Chip maker AMD is the second largest maker of x86 processors. Of course, these days that’s kind of like being the second biggest tablet maker next to Apple: it’s a distant second, at best.
So it’s not surprising that AMD is looking outside of its own R&D department for technologies that could bring new features to its products — and today the company announced that it’s licensing technology from ARM.
That doesn’t mean AMD will be building low power ARM-based chips for tablets or smartphones though.
Instead, the company will be using ARM TrustZone technology into future products.
AMD calls its latest chips APUs, or accelerated processing units because they combine the CPU, graphics, memory controller, and other components onto a single chip.
Upcoming APUs will also incorporate an ARM Cortex-A5 CPU to offer hardware-level security features. TrustZone can be used to offer malware protection and monitoring, digital rights management, secure payment, and other features.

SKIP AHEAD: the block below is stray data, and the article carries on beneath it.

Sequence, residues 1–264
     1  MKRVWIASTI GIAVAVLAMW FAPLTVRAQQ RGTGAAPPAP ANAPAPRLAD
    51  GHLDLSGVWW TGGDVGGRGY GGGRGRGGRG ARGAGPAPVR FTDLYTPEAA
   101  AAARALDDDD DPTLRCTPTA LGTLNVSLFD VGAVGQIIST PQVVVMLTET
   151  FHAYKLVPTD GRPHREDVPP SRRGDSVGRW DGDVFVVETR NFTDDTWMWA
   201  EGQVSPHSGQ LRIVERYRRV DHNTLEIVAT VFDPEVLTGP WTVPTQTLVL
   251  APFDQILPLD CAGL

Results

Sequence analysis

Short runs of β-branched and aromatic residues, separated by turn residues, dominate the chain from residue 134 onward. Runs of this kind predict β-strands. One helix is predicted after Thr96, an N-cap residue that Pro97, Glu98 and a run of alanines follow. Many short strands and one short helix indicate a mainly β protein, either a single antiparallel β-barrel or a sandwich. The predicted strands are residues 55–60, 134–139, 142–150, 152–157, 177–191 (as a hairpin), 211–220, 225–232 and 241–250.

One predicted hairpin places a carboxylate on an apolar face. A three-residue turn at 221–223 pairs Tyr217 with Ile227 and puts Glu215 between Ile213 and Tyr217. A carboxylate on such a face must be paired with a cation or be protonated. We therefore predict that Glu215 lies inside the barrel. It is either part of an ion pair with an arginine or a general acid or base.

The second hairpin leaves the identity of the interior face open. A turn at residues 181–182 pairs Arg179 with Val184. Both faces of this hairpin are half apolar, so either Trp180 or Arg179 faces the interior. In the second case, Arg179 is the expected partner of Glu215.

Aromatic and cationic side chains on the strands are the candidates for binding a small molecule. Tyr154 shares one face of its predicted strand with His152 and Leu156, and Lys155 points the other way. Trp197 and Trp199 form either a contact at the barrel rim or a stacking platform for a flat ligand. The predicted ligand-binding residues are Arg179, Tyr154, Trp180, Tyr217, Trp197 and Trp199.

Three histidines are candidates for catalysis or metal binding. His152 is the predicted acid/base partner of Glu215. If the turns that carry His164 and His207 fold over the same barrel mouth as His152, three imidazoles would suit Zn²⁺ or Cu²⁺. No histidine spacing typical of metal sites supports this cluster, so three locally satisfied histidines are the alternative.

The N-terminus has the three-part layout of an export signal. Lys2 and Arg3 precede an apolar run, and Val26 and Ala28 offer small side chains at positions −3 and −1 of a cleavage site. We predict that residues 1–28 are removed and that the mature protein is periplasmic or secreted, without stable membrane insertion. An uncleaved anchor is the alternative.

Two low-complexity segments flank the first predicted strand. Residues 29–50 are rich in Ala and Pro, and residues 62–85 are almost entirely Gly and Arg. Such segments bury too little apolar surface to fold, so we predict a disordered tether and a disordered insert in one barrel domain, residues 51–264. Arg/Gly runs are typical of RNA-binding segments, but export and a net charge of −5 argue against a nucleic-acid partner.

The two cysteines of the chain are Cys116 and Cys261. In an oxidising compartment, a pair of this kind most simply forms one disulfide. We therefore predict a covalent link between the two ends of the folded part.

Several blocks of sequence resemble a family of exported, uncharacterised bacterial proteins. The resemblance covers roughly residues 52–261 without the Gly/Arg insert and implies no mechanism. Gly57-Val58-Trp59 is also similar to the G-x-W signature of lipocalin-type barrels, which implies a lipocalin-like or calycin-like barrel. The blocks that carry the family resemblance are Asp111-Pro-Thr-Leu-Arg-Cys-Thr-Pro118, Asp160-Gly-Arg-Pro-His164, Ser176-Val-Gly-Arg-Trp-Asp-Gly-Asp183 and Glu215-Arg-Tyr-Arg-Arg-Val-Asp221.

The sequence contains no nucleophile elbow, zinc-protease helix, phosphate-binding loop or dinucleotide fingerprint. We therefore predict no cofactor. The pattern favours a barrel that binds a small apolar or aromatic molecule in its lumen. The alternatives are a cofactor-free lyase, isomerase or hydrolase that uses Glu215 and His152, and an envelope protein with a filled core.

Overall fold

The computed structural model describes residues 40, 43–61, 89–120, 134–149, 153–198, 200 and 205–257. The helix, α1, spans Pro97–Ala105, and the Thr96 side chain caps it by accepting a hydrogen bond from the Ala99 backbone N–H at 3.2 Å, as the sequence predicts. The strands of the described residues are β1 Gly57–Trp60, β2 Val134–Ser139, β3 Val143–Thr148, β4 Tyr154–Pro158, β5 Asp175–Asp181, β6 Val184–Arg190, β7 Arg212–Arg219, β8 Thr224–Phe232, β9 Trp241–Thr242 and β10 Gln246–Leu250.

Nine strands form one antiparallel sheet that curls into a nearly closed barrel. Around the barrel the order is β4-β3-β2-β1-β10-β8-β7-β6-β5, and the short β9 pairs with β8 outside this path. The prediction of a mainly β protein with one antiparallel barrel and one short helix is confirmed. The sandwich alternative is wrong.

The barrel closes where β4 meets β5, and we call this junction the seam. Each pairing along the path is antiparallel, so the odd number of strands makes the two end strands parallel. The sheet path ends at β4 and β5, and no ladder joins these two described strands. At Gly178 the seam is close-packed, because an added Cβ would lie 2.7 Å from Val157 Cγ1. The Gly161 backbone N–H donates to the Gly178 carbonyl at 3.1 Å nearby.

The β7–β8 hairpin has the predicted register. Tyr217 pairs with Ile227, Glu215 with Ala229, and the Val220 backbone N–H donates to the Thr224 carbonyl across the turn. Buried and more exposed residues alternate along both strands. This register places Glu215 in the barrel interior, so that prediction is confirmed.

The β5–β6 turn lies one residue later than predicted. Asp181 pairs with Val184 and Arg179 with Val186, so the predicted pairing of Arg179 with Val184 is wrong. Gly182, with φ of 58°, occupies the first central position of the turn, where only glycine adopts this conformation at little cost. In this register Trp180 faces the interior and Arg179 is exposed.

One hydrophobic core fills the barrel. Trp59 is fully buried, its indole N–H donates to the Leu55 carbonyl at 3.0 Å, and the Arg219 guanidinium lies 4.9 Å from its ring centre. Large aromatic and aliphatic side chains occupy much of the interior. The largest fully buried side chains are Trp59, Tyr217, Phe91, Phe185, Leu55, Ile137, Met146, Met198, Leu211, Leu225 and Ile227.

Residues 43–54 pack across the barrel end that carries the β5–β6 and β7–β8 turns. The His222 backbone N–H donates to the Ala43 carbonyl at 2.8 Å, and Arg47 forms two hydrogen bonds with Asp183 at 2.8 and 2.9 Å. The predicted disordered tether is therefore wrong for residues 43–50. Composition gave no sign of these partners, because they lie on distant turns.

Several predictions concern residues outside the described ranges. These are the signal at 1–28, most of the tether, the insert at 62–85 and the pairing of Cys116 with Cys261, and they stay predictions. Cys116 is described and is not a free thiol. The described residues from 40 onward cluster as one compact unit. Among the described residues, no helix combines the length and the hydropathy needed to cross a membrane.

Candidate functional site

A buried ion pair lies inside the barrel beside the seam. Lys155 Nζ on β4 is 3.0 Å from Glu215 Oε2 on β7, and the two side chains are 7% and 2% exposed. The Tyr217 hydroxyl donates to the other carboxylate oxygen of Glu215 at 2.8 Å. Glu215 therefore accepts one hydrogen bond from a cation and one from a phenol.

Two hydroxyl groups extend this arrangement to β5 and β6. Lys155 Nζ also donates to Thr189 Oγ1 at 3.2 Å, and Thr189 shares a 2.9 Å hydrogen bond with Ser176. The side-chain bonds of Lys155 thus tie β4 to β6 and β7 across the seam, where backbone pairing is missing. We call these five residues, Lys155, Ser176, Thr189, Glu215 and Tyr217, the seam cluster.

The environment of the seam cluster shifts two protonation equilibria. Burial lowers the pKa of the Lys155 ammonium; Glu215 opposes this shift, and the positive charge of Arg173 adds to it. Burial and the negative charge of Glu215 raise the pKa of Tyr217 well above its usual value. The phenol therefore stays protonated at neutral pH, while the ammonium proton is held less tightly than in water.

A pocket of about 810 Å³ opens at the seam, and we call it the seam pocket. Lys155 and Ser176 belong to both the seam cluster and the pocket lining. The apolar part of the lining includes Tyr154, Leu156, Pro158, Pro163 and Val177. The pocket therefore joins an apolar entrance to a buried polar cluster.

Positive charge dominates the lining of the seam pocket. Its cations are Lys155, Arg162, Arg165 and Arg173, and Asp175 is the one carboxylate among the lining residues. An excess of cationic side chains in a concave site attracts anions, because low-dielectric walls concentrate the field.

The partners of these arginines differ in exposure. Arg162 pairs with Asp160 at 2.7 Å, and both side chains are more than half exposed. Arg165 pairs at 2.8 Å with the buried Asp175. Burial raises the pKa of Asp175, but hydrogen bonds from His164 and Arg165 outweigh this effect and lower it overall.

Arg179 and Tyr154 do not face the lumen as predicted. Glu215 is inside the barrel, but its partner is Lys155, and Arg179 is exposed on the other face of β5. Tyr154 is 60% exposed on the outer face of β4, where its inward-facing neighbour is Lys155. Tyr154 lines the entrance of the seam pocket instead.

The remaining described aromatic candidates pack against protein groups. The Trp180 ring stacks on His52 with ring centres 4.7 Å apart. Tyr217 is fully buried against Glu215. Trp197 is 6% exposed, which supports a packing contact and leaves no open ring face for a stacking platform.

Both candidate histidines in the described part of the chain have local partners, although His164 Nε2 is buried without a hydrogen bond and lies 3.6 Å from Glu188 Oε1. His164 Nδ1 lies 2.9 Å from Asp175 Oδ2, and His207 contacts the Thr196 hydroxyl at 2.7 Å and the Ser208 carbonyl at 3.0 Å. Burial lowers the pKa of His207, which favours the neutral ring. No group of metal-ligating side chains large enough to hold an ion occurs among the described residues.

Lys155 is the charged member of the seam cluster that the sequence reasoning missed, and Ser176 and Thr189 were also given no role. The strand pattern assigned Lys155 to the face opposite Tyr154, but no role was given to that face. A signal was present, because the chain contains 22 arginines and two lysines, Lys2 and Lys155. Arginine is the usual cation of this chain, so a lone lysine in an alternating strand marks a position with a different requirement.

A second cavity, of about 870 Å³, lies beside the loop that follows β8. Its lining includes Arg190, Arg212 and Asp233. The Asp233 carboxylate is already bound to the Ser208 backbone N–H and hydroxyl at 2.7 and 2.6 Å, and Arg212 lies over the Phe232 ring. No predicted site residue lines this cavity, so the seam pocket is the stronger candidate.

The new processors are expected to be available for business and consumer laptop and desktop computers in 2013.
via Engadget and Computer World
So, you are basing the rational for AMD’s licensing of ARM technology sorely on its smaller size and concomitant R&D budget compared to INTEL? In order word, if they were driven by other concerns, your piece would be totally invalidated?
You could have reported the same news without making up your own rational. I am sure AMD did not wade into these waters when they made the licensing announcement, so why did you? Is this an opinion piece or a news piece?
It would be nice if AMD made a multicore CPU with both x86 and ARM functionality. That could be the basis for tablets and notebooks that could
natively dual boot Win x86 and Android ARM.
Depending on the application, one side or the other could be throttled down depending on what the CPU would be used for the majority of the time.
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